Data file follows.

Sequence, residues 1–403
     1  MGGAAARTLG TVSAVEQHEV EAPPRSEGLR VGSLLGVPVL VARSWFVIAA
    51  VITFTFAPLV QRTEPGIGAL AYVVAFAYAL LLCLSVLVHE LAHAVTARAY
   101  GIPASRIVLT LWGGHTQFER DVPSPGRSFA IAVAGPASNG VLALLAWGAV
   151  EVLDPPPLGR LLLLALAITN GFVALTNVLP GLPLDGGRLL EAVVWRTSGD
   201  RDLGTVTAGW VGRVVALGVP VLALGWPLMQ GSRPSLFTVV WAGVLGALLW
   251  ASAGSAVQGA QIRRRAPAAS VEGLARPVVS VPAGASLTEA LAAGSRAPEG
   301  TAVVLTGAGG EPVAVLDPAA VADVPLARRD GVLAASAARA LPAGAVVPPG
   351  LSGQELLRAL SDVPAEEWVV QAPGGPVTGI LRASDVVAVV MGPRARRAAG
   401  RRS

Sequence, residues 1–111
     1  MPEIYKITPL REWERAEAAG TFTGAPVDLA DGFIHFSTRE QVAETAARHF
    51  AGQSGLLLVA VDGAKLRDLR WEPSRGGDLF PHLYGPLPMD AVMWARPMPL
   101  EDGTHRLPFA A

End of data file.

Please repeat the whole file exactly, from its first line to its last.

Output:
Sequence, residues 1–403
     1  MGGAAARTLG TVSAVEQHEV EAPPRSEGLR VGSLLGVPVL VARSWFVIAA
    51  VITFTFAPLV QRTEPGIGAL AYVVAFAYAL LLCLSVLVHE LAHAVTARAY
   101  GIPASRIVLT LWGGHTQFER DVPSPGRSFA IAVAGPASNG VLALLAWGAV
   151  EVLDPPPLGR LLLLALAITN GFVALTNVLP GLPLDGGRLL EAVVWRTSGD
   201  RDLGTVTAGW VGRVVALGVP VLALGWPLMQ GSRPSLFTVV WAGVLGALLW
   251  ASAGSAVQGA QIRRRAPAAS VEGLARPVVS VPAGASLTEA LAAGSRAPEG
   301  TAVVLTGAGG EPVAVLDPAA VADVPLARRD GVLAASAARA LPAGAVVPPG
   351  LSGQELLRAL SDVPAEEWVV QAPGGPVTGI LRASDVVAVV MGPRARRAAG
   401  RRS

Sequence, residues 1–111
     1  MPEIYKITPL REWERAEAAG TFTGAPVDLA DGFIHFSTRE QVAETAARHF
    51  AGQSGLLLVA VDGAKLRDLR WEPSRGGDLF PHLYGPLPMD AVMWARPMPL
   101  EDGTHRLPFA A